The Independent Market Observer

No Cash, No Carry: The Demonetization of the Indian Economy

Posted by Anu Gaggar, CFA, FRM

This entry was posted on Dec 21, 2016 12:54:54 PM

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demonetizationOn November 8, a major event shook the world of hundreds of millions of people. And no, I’m not talking about the U.S. election. The event I’m referring to is the decision by the Indian government to invalidate most of its own currency. It is hard to think of a U.S. equivalent, but here’s a start: imagine the government taking over all the banks and citizens having to bring in their old statements to the new state-run bank to get them validated. Imagine having to prove where your money came from and that you paid taxes on it. This is the reality in India now.

Anu Gaggar, of Commonwealth’s Investment Research group, was actually in India when this happened, and I asked her to write an account of what she saw. She has done a wonderful job, and I’m sure you will enjoy this as much—and find it as enlightening—as I did. — Brad

November 8, 2016, is a day that most people in two of the world’s largest democracies won’t forget in a hurry. As the U.S. was getting ready to elect one of the most controversial candidates in recent history, the ruling prime minister of India, Narendra Modi, abolished two of the country's most widely used currency notes and (within four hours of the announcement) introduced two new notes to replace them. With one stroke of the brush, 86 percent of the currency in circulation in the Indian economy was rendered invalid.

Mayhem broke out overnight, as cash is used for 98 percent of all consumer transactions in India. Old currency could be deposited in bank accounts through the end of the year. If, however, it was determined that appropriate taxes had not been paid on those funds, the depositor would be responsible for paying the taxes, plus a 200-percent penalty.

Why did Modi initiate this massive change?

The prime minister had noble intentions in making this bold move. By demonetizing India’s two largest-denomination currency notes, the government is taking a big step toward a cashless economy while attempting to reduce corruption, increase the tax base, flush out counterfeit notes that also finance terrorist activities, and contain the massive black economy, which accounts for nearly 40 percent of India’s GDP, by some estimates.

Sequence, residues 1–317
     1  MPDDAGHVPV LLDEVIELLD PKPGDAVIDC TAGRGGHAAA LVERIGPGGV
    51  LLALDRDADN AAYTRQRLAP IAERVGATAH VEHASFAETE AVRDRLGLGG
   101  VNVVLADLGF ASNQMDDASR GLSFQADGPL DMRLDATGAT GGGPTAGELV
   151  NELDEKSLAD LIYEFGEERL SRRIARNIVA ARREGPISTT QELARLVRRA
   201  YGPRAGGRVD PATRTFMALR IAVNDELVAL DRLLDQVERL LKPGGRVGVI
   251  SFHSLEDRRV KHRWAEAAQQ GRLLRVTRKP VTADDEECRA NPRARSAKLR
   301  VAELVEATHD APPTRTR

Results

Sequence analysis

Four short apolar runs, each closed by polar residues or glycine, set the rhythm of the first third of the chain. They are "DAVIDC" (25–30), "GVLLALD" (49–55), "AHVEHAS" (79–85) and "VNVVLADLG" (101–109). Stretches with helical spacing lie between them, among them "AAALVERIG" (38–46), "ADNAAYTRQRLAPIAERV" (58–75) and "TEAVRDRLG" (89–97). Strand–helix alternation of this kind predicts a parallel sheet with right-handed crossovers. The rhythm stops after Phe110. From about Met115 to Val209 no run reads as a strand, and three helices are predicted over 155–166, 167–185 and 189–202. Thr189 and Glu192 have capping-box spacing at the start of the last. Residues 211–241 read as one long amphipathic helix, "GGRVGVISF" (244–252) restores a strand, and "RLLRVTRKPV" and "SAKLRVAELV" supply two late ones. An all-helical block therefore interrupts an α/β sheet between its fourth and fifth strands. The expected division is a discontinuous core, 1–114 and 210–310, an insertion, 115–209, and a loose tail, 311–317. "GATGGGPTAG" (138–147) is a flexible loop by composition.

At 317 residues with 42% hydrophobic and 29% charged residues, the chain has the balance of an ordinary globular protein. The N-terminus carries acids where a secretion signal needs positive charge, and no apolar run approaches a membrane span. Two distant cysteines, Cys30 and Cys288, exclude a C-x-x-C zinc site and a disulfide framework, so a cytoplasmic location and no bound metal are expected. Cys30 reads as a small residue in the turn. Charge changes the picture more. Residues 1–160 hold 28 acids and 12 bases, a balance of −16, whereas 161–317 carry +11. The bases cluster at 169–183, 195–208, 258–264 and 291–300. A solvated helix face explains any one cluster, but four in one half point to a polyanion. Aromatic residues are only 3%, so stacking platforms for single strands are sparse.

Debates have raged in the past month about this move’s efficacy, its implementation, and the political future of the Indian prime minister. Based on my travels across the country during the three weeks immediately following the decision, and interactions with people in different walks of life, I can attest that it will have a very big impact on citizens’ daily lives. What surprised me was that, despite all the hardship, not many were questioning the motives of the government or evidently upset with the prime minister.

My observations: lessons in economics and human behavior

This trip was indeed a once-in-a-lifetime learning experience for me, not just in economics but also in human behavior. In the four-hour window between the announcement and the formal demonetization of the 500- and 1,000-rupee bills, people reacted on an adrenaline rush. They were glued to their television sets, wondering if this was for real. At gas stations, they lined up to spend at least some of their currency notes. Most stores were closed by that time, but some of the mega-stores that were still open announced that they would remain open until midnight, the official time of withdrawal of the old currency notes. You could see people queuing up for those big purchases they’d been planning for, as well as some that hadn’t been in the cards until now.